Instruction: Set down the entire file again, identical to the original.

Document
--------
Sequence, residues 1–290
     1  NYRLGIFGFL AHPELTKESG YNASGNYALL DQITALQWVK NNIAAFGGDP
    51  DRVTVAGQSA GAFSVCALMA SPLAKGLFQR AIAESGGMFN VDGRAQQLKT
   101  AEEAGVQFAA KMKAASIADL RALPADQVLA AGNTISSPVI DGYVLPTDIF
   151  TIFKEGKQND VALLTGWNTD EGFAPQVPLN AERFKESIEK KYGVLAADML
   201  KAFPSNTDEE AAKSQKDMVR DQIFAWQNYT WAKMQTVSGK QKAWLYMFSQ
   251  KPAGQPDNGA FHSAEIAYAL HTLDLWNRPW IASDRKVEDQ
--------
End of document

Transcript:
Sequence, residues 1–290
     1  NYRLGIFGFL AHPELTKESG YNASGNYALL DQITALQWVK NNIAAFGGDP
    51  DRVTVAGQSA GAFSVCALMA SPLAKGLFQR AIAESGGMFN VDGRAQQLKT
   101  AEEAGVQFAA KMKAASIADL RALPADQVLA AGNTISSPVI DGYVLPTDIF
   151  TIFKEGKQND VALLTGWNTD EGFAPQVPLN AERFKESIEK KYGVLAADML
   201  KAFPSNTDEE AAKSQKDMVR DQIFAWQNYT WAKMQTVSGK QKAWLYMFSQ
   251  KPAGQPDNGA FHSAEIAYAL HTLDLWNRPW IASDRKVEDQ